Saturday, March 18, 2006

Caerphilly launches wireless road maintenance system

Caerphilly launches wireless road maintenance system: "Caerphilly County Borough Council has launched a mobile data solution for the maintenance of the council’s highway network. The solution is expected to save £120,000 per year in road maintenance costs."

Wednesday, March 15, 2006

Google calendar details leaked
March 8, 2006 6:32 AM PST

Bloggers are gawking at alleged screenshots of Google's currently-under-construction calendar program.

According to Michael Arrington's Techcrunch blog, which is running the alleged screenshots, the new calendar is tightly integrated with Gmail. Features let people integrate with other calendar applications and share data. The calendar, allegedly dubbed CL2, also has a notification service that uses SMS (Short Message Service).

CL2 also apparently lets people create events that can be viewed on their calendars, or shown to the public, even to people not using the same calendar program.

While the product is still apparently well away from a launch, bloggers are excited about the possibility and are speculating whether the service is a prelude to bigger things for the company, and for online calendars.

Blog community response:

"CL2 looks to be a very strong product from Google (which has by no means been a given over the past year). Plus it seems to me that Google's much-anticipated Web Office Suite is well on the way to becoming a reality."
--Read/Write Web

"I am getting more interested in events, in the structured microformats blogging sense of the word. Will there be 3.0 Edgeio-like 'events' players who crawl the Web for posts on MySpace, Spaces, Wordpress etc. (that are) tagged 'events'...Or will the leader be whoever builds the best centralized widget...Or will the MS/Apple default rule."
--Ben Barren, RSS'ing Down Under

"The space has gone from having no good solutions to having a number of good options in very quick time, and Google entering the market will make it even more competitive."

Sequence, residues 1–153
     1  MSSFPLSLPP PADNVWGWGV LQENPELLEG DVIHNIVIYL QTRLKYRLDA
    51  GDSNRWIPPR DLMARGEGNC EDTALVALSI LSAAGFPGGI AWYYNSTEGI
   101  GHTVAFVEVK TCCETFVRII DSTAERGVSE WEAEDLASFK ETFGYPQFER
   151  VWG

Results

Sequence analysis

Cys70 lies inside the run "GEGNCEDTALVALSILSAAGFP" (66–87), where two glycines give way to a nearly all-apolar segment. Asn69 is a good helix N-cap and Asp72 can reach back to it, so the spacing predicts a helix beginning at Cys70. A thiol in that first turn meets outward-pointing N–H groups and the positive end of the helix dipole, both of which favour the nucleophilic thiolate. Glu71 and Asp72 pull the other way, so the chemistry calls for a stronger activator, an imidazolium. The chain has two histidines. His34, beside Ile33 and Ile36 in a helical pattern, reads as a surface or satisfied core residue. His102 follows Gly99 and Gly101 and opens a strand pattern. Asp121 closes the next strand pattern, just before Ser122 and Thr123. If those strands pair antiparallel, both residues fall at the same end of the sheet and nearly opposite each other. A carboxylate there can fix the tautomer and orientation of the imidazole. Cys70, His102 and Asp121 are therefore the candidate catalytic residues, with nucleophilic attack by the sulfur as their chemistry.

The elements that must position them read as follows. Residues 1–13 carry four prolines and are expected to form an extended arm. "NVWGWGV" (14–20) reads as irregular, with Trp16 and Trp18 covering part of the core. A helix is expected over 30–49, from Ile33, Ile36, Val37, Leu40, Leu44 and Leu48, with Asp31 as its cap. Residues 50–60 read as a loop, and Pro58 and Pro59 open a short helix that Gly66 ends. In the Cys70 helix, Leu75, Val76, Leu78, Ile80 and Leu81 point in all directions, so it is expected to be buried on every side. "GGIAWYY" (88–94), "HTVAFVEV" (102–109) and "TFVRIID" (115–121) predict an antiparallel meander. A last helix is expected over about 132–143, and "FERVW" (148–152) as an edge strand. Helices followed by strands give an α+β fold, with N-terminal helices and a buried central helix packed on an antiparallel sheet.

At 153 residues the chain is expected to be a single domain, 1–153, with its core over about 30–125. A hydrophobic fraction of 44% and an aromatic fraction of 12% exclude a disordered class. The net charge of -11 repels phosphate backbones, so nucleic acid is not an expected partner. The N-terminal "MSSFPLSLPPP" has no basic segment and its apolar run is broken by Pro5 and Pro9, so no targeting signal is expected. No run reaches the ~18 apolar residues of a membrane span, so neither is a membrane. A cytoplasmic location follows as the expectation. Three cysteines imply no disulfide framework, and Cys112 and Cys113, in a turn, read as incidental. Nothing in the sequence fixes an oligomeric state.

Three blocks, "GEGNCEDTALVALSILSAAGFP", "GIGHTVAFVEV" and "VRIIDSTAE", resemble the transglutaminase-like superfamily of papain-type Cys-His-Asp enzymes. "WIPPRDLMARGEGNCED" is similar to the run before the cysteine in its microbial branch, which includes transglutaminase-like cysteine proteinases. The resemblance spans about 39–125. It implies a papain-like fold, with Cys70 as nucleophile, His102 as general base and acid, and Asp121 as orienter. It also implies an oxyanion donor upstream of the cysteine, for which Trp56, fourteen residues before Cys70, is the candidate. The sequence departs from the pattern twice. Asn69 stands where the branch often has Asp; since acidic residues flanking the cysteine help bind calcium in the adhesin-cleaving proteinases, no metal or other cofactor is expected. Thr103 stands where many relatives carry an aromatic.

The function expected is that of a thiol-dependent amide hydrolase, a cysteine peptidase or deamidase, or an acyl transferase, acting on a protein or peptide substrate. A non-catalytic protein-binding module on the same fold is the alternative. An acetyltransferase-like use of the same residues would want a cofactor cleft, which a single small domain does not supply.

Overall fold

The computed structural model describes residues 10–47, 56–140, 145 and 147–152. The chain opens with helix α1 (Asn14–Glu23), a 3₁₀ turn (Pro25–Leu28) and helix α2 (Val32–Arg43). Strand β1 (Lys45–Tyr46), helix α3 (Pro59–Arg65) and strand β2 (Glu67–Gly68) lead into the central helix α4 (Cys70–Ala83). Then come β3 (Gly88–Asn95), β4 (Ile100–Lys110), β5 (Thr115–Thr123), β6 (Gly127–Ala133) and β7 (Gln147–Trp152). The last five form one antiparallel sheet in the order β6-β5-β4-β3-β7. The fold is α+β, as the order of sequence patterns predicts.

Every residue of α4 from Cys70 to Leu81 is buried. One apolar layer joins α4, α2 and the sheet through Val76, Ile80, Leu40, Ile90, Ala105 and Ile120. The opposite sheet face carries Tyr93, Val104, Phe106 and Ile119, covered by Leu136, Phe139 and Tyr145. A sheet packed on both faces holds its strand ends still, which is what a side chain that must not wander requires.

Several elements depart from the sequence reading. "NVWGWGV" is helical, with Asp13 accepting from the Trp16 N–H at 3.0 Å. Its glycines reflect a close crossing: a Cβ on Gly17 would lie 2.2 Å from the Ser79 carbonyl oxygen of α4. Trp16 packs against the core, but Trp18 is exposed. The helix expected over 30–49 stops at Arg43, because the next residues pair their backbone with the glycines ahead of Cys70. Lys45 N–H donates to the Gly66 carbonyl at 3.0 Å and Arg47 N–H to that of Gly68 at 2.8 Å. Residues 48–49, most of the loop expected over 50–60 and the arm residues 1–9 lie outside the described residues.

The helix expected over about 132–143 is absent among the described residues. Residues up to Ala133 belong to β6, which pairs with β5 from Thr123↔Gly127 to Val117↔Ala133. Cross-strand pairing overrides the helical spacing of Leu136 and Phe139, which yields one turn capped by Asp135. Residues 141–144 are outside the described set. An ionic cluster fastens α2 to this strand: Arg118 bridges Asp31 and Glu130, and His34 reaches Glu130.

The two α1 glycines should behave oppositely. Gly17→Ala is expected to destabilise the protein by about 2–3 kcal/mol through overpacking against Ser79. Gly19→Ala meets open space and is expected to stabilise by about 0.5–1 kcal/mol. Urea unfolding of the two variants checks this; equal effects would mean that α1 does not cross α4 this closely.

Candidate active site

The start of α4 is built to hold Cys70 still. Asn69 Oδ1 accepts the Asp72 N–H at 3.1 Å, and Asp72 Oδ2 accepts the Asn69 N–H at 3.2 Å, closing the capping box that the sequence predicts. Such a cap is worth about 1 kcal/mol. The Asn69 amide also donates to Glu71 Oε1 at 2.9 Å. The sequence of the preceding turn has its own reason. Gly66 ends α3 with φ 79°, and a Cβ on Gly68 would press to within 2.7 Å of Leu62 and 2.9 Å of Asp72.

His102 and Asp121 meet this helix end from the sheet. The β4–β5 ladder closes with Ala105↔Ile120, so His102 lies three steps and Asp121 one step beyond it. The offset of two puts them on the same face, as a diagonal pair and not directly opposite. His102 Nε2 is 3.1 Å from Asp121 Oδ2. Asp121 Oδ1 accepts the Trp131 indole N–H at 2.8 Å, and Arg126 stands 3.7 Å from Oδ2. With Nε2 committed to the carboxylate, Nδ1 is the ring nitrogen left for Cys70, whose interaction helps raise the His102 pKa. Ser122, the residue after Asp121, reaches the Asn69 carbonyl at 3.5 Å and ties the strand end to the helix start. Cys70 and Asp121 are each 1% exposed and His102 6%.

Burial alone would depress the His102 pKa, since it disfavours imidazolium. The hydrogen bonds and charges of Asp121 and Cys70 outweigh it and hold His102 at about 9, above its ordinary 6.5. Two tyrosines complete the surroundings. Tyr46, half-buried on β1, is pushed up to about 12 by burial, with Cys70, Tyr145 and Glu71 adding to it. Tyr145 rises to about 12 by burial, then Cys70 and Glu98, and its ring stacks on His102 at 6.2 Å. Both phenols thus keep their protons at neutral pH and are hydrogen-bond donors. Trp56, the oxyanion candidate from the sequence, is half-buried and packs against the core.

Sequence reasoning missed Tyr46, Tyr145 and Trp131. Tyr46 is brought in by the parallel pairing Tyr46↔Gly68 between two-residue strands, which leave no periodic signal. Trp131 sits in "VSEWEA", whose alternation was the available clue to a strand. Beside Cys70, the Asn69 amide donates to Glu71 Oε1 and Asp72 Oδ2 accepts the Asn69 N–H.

--Nik Cubrilovic

Posted by Margaret Kane

Source here

+ Further

Google Calendar details leaked - the Web Office Suite is nigh!
Posted by Richard MacManus @ 1:50 am

TechCrunch has somehow obtained screenshots of the as yet unreleased Google Calendar, apparently called CL2. The leak came via Google's closed beta of about 200 participants. TechCrunch says that CL2 is a long way away from launch, but there are some meaty details here.


March 10, 2006 5:56 AM PST
Is Google prepping an office suite?

Google announced Thursday that it is acquiring Upstartle, maker of Web-based word processor Writely.

The move immediately fueled speculation that the search engine company may be working on its own version of an online office suite, which could compete with Microsoft's cash cow.

Rumors about the supposed suite have been percolating for some time, fueled in part by Google's partnership with Sun Microsystems and reports of a Google calendar program.

Google hasn't yet stated how it would incorporate the word processor, which is still in beta, into its other offerings. But bloggers were happy to speculate on their own.

Blog community response:

"Now buying Writely is in line with Google thinking of using browser for everything. I mean an online word processor, and online excel spread sheet make a lot more sense than making people switch to OpenOffice."
--Om Malik

"So this is how I see it working. Google Desktop is used to synchronise your local drive with your GDrive (with Lighthouse probably being the tool that you use to decide who can access and share what data). If your working on your regular computer, click a document and it opens up into OpenOffice Writer. If your on a public workstation log into GDrive, click on the same document and it opens up in Writely."